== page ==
ASPEN (June 23, 2014) - Pitkin County Open Space and Trails has placed 105 acres along the Roaring Fork River at the lower end of Snowmass Canyon under contract for $1.95 million, preserving ranchlands that have remained largely intact for more than a century.
The purchase of Wheatley Open Space will go to Pitkin County commissioners on Wednesday, June 25 for the first of two required approvals. A public hearing is scheduled July 9.
The acquisition will protect part of the historic Wheatley Ranch – a property that has seen little change since the 1880s, when Irishman John Edward Wheatley began ranching along the Roaring Fork River in a narrow valley marked by distinctive red hillsides sloping sharply upward to the north. The Denver and Rio Grande Railroad paralleled the river through the property, and a spur known as the Wheatley siding allowed area ranchers to load their goods onto the train at the Wheatley Ranch.
John and then nephew William E. Wheatley farmed the property until 1938, when the younger Wheatley sold the property to Laurent Arbaney Sr., who built the existing farmhouse at the site for his son, Laurent Jr. and his wife, Irena. The land remained in the Arbaney family until Peter and Janelli Dart acquired it in 1960. Under Dart ownership, the Arbaneys continued to ranch on the property into the 1970s.
“We’ve tried to be good stewards,” said J. Dart. “From the family’s perspective, we are thrilled with the opportunity to have a portion of the property become public land.”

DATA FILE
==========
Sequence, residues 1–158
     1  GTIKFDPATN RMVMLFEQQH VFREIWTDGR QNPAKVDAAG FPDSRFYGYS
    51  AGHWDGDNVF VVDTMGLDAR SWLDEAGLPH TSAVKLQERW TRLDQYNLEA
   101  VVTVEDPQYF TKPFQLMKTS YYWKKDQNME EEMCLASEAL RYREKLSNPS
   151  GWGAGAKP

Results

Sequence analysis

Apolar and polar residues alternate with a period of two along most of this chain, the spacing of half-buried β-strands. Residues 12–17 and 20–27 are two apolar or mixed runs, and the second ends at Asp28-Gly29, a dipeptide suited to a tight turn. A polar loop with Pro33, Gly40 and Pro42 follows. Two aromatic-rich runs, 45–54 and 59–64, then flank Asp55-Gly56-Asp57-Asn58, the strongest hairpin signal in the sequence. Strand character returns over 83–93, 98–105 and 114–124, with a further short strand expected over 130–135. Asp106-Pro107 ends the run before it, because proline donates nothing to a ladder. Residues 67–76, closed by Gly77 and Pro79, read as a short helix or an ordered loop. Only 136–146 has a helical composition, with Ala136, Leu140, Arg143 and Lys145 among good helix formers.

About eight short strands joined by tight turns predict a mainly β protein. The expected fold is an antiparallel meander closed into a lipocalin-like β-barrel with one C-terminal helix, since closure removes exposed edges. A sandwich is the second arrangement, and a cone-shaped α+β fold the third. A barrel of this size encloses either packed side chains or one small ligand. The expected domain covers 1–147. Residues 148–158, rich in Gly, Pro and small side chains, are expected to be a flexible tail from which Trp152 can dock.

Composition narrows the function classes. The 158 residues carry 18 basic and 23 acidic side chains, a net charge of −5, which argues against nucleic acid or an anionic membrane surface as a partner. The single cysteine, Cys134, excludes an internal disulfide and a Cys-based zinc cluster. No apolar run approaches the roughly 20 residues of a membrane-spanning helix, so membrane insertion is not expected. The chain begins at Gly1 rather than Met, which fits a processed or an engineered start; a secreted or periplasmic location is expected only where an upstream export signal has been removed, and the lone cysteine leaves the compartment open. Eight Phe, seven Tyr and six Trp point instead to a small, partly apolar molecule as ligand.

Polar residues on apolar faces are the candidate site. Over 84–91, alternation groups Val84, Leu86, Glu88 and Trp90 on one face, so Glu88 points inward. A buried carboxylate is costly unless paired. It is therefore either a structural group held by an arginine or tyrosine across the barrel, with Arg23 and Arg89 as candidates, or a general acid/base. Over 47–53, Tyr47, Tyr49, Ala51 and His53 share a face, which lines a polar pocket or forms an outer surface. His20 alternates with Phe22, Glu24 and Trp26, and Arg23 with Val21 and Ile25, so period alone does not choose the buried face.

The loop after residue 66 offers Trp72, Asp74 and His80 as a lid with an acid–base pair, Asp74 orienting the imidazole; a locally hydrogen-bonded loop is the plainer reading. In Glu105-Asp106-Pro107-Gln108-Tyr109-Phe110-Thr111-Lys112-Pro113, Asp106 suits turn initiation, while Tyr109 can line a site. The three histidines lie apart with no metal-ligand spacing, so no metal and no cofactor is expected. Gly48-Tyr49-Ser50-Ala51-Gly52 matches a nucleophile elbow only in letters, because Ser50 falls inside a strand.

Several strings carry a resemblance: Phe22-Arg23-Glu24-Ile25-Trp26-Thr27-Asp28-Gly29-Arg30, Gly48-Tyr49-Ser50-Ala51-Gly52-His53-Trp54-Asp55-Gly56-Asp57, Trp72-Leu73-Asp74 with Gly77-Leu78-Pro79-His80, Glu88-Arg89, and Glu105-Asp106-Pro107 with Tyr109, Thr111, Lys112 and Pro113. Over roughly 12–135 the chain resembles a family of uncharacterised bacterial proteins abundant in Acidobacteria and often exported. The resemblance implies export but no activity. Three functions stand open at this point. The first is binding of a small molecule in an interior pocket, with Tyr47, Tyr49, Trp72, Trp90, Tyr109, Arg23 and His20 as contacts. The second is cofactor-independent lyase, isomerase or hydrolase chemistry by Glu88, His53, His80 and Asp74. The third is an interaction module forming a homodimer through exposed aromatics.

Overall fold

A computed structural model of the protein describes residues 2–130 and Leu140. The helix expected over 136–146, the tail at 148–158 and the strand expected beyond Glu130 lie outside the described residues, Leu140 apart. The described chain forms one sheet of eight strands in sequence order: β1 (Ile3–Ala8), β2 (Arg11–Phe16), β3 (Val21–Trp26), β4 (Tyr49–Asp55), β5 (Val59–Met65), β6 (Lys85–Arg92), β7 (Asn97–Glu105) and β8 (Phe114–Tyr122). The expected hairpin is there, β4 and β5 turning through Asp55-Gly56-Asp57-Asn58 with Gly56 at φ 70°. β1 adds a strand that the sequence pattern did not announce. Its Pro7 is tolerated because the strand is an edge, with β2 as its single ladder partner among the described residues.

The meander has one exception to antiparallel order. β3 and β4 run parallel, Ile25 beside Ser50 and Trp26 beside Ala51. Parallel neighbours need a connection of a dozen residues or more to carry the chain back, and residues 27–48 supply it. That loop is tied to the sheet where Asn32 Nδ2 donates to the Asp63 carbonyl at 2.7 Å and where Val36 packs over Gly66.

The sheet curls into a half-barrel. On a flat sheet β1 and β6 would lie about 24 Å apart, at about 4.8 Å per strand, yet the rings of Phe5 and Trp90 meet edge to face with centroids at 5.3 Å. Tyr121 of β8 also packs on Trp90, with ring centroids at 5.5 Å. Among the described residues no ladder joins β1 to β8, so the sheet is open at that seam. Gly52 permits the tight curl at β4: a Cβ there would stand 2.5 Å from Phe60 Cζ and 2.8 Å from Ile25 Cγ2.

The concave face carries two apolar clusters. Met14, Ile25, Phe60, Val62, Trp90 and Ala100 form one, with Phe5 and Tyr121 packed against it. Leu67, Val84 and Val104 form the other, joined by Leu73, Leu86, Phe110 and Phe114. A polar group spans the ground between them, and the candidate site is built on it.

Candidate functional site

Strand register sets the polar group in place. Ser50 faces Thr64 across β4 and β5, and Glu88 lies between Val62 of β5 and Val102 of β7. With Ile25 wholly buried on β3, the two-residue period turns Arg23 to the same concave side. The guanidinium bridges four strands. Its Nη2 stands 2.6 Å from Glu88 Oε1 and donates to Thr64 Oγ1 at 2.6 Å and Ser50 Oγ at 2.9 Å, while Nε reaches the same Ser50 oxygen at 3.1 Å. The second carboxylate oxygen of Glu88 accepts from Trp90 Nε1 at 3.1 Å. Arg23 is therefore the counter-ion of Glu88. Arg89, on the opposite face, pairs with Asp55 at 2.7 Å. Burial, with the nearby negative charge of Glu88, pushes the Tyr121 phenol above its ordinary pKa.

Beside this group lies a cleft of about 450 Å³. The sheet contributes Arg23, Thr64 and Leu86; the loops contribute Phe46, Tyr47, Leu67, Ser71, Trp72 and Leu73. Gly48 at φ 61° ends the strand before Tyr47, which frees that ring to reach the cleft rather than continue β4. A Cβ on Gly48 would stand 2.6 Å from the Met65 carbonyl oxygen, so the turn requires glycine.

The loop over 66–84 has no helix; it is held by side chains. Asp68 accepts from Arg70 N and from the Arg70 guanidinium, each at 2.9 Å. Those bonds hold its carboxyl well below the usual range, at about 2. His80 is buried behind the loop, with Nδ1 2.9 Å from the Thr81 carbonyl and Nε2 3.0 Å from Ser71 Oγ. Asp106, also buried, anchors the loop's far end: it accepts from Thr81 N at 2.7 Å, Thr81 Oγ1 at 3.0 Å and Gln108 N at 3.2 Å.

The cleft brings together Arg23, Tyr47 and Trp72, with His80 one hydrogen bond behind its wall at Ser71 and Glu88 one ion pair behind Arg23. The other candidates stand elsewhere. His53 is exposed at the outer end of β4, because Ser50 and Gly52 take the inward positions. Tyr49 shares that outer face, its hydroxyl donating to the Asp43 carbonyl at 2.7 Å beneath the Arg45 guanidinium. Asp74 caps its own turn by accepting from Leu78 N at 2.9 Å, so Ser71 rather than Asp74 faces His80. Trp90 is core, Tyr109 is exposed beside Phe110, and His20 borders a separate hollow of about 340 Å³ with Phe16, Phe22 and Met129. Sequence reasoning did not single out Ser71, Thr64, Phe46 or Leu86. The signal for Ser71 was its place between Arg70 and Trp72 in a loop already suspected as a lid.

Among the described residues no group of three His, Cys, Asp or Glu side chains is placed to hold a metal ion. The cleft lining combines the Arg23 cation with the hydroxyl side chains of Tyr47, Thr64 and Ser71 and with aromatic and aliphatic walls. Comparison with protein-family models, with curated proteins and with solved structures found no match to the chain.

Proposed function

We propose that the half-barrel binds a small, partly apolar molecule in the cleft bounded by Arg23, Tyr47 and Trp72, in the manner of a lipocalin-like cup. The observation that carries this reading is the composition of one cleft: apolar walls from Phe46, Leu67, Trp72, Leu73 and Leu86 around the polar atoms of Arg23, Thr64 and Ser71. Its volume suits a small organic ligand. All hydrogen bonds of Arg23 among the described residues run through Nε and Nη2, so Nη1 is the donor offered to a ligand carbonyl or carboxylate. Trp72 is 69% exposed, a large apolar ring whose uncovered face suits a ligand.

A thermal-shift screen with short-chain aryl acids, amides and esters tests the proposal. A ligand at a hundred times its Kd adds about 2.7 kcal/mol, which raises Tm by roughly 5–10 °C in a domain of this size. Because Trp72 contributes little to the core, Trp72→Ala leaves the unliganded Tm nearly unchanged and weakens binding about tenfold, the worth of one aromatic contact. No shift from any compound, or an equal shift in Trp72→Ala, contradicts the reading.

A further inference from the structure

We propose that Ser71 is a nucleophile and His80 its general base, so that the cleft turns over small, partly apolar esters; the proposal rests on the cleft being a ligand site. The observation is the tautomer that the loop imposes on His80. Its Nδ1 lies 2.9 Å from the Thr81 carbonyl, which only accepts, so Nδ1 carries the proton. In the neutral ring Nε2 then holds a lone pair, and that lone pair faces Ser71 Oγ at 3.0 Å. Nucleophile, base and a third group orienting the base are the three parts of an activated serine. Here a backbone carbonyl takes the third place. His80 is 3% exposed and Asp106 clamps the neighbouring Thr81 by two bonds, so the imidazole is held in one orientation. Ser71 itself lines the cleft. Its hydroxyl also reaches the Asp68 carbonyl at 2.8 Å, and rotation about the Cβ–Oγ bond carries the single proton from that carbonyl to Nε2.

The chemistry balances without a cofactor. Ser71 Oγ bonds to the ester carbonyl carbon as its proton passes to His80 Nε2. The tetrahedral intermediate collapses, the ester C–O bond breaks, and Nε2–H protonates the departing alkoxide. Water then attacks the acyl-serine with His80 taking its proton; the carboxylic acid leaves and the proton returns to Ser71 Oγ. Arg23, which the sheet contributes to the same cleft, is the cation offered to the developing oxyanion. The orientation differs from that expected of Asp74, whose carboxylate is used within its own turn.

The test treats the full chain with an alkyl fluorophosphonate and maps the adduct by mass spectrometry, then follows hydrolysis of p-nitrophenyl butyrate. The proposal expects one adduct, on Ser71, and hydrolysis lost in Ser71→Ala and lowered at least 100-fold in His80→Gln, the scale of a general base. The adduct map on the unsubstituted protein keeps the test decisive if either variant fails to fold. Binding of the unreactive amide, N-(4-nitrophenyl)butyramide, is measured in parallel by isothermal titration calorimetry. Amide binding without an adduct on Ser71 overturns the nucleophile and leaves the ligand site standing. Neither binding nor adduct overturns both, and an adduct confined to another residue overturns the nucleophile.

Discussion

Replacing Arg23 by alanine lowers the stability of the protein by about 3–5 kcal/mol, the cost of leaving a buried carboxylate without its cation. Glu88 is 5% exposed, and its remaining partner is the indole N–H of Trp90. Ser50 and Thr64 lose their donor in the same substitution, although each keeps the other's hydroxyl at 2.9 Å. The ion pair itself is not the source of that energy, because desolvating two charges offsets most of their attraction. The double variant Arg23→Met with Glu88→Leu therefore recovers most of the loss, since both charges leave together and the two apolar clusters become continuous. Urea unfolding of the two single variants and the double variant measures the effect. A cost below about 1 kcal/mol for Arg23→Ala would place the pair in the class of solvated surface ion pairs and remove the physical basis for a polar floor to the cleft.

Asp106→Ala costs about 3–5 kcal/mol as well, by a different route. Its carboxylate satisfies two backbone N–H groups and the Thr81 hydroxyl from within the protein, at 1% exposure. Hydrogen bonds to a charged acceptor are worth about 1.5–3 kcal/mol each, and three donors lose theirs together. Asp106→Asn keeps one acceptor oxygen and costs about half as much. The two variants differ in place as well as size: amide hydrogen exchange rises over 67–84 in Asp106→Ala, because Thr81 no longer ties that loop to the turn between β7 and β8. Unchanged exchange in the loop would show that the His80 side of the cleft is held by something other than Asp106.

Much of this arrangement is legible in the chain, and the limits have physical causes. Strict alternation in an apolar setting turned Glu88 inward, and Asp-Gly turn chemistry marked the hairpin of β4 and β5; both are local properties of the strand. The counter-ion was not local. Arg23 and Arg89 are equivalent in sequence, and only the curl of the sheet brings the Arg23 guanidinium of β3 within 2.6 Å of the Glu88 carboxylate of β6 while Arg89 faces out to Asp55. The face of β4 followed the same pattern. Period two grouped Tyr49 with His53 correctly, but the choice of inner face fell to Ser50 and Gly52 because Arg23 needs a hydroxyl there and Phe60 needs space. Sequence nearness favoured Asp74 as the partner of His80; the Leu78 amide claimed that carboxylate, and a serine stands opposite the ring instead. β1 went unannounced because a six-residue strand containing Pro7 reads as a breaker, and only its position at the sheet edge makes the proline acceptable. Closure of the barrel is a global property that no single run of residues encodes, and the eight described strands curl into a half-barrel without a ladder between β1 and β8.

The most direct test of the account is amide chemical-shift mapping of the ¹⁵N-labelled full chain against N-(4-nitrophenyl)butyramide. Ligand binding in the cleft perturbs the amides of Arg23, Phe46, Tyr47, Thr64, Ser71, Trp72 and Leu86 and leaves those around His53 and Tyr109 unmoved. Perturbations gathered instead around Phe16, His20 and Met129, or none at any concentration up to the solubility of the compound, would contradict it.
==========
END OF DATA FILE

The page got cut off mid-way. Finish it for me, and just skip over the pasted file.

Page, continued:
“This property is familiar to anyone who travels through Snowmass Canyon,” said Dale Will, Open Space and Trails director. “Thanks to a series of longtime owners, most recently the Darts, it remains an undeveloped gem right next to the Roaring Fork River.”
The Rio Grande Trail, Lower River Road and the Roaring Fork River all cut through the property; Highway 82 follows the river on its south bank. Herds of elk are a common sight on Wheatley Open Space for a few weeks each spring.
Pitkin County and the Darts recently forged a deal to split the ranch, allowing the county to purchase the lower end of the property, east of the Lower River Road bridge over the Roaring Fork at Old Snowmass. The open space encompasses land on both sides of the river, including an irrigated meadow and Wheatley Gulch, where the old Wheatley family cemetery is tucked into the trees. Water rights are also part of the deal.
The purchase eliminates the potential for a home of up to 8,250 square feet in a scenic meadow at the bottom of Snowmass Canyon. The Dart family will retain the upper piece of the ranch, a property that contains the old Wheatley schoolhouse, built in 1911, log buildings that date back to the Wheatley homestead days and the Arbaney farmhouse, apparently constructed in the late 1930s. All of the structures have been designated as historic by Pitkin County. In addition, a building site for an 8,250-square-foot home exists on 161 acres retained by the Darts.
Open Space and Trails acknowledged the importance of the Dart property early on in the open space program’s history, Will noted. In 1997, the county and Aspen Valley Land Trust acquired a conservation easement on 292 acres for $1.4 million to protect the natural, ecological, wildlife habitat, scenic, historic, agricultural and aesthetic features of the property. The appraised value of the easement at that time was $2.2 million. This easement had left two developable homesites, one of which will be retired under the county’s ownership.
The 1997 conservation easement allowed fishing for up to six individuals at a time, but anglers were required to first sign in and pick up a card from Taylor Creek Fly Shop in Basalt, and access the river was limited to the Highway 82 side. The conservation easement also established a pullout and rest area for noncommercial boaters along the river. River access will be revisited under a management plan following the purchase.
Contact: Matt Adeletti
Pitkin County Open Space and Trails Acquisition Manager
email@example.com or 970-429-2796